The ratings companies say they have to charge for ratings or otherwise they could not afford to make the ratings public. They have to be paid by someone. I would think the obvious people to be paying would be those who are going to buy the products rated -- that indeed the notion of taking payments from those who benefit from higher ratings would be called kickbacks in other industries such as construction -- but I freely admit I haven't thought this all the way through. But surely there's a better system for determining which investments are safe for retirement funds and other "secure" and "conservative" investments than the one that is at present written into law.
Meanwhile, ugly truths emerge from the Stevens trial. The Attorney General's office is about to drop all the charges -- including the original charges that got a conviction -- of former Senator Stevens of Alaska; this on the grounds of prosecutorial misconduct including quite possibly fabricated evidence and almost certainly withholding evidence. And apparently the judge who presided over the trial saw much of this coming but for reasons not yet explained didn't stop the mess before a jury convicted the Senator.
Now I am not big fan of Senator Stevens. I'm not an enemy either. I really know little about him. I do know that the balance of power in the Senate was upset by his conviction just before the election; the conviction caused him to lose. He was convicted of lying -- I don't know if under oath or in signed statements.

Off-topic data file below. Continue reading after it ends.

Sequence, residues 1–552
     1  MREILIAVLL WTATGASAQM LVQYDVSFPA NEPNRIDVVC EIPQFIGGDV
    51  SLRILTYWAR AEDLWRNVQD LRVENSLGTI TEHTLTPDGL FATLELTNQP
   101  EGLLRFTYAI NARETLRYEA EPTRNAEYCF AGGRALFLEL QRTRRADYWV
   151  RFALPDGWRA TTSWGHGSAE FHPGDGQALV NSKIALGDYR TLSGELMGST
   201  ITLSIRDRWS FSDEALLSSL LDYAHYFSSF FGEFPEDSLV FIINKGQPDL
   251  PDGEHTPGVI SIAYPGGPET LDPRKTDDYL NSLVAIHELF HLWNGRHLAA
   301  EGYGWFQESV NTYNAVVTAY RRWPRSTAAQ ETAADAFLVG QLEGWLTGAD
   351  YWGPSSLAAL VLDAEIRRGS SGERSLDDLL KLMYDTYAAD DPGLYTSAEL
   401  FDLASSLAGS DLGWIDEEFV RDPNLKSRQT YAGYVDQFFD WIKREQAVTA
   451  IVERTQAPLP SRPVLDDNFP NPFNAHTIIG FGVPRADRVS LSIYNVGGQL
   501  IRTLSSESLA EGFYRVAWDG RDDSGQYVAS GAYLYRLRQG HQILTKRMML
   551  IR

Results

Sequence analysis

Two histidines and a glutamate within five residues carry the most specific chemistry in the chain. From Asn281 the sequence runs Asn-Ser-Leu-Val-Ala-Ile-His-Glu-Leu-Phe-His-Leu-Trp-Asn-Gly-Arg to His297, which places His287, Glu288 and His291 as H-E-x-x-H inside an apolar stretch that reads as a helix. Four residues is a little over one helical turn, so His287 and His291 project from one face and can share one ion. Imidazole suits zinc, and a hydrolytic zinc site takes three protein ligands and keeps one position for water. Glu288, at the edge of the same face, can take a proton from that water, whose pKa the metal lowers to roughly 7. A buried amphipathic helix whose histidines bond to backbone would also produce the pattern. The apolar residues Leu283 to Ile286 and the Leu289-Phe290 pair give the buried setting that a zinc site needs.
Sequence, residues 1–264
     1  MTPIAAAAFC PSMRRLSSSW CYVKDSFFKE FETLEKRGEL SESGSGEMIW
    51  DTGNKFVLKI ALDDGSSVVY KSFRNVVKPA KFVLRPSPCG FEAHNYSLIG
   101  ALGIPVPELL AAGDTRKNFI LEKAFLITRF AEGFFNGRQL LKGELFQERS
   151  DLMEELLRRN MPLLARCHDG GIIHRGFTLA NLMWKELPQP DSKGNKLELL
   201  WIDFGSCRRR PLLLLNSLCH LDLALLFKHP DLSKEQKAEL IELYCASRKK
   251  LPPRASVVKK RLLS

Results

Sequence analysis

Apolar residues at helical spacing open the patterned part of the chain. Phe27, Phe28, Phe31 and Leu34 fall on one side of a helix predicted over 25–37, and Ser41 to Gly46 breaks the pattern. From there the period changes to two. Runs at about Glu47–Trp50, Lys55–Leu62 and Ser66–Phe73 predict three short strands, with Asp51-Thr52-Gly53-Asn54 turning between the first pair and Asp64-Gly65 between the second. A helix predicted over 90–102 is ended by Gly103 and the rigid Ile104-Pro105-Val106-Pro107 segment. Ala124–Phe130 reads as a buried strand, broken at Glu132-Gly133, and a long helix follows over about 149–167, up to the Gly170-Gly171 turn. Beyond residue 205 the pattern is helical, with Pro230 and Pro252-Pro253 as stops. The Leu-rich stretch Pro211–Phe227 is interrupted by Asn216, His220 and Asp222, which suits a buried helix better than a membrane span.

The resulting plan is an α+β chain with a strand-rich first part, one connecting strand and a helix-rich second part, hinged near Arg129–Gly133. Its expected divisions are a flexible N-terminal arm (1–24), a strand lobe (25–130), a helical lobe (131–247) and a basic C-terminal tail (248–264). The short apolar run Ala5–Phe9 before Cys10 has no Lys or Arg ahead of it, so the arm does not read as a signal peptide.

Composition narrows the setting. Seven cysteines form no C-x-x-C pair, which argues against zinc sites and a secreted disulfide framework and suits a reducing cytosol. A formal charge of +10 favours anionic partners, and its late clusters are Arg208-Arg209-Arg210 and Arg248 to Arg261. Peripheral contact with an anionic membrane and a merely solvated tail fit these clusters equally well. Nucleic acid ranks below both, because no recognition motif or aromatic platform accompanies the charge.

I'm not at all sure what to make of this. I don't know why someone in the Justice Department had it in for Stevens, or whether they were directed to be so by the Bush Administration (or why), or by whom those who acted improperly were appointed. There's a lot I don't know. But this case scares the hell out of me. The lesson was that if they -- whoever 'they' are -- are out to get you, you're going to be got. Ask Martha Stewart. Or the former senior Senator.
We have not heard the last of this story.
I just heard Rush Limbaugh tell the story of Queen Victoria and the finger bowl as if it happened to Queen Elizabeth II. I expect this will dominate the news for the next day or so. Sigh.
April 3, 2009
I am getting the column out and doing other stuff. Still trying to catch up.
The G20 conference was pretty well cut and dried to begin with so no surprises there. And the column is due...
If you need something interesting to do for about 20 minutes:
April 4, 2009
Working today. Here's an interesting item:
There are remnants of the old 1776 Mesa house in those photos, but not much. Everything seems to have been rebuilt, and Heinlein's bedroom/office/bathroom suite seems to have been torn out and rebuilt. There was no dining room in the old house, and there was no second floor or spiral staircase. That's all new. The view is still there, of course.
I have no idea of property values in Colorado Springs, but there's not much of Robert Heinlein left in that house other than the location.
April 5, 2009
I'll be late today. Readers will find this interesting as an insight into just who is running the country. I'll have more to say about this one on Monday.
If that's not enough, try this. Moyers isn't one of my favorite people, but the interview is interesting:
We're driving up to the high desert for our granddaughter's first birthday. Be back Monday afternoon.
This is a day book. It's not all that well edited. I try to keep this up daily, but sometimes I can't. I'll keep trying. See also the weekly COMPUTING AT CHAOS MANOR column, 8,000 - 12,000 words, depending. (Older columns here.) For more on what this page is about, please go to the VIEW PAGE. If you have never read the explanatory material on that page, please do so. If you got here through a link that didn't take you to the front page of this site, click here for a better explanation of what we're trying to do here. This site is run on the "public radio" model; see below.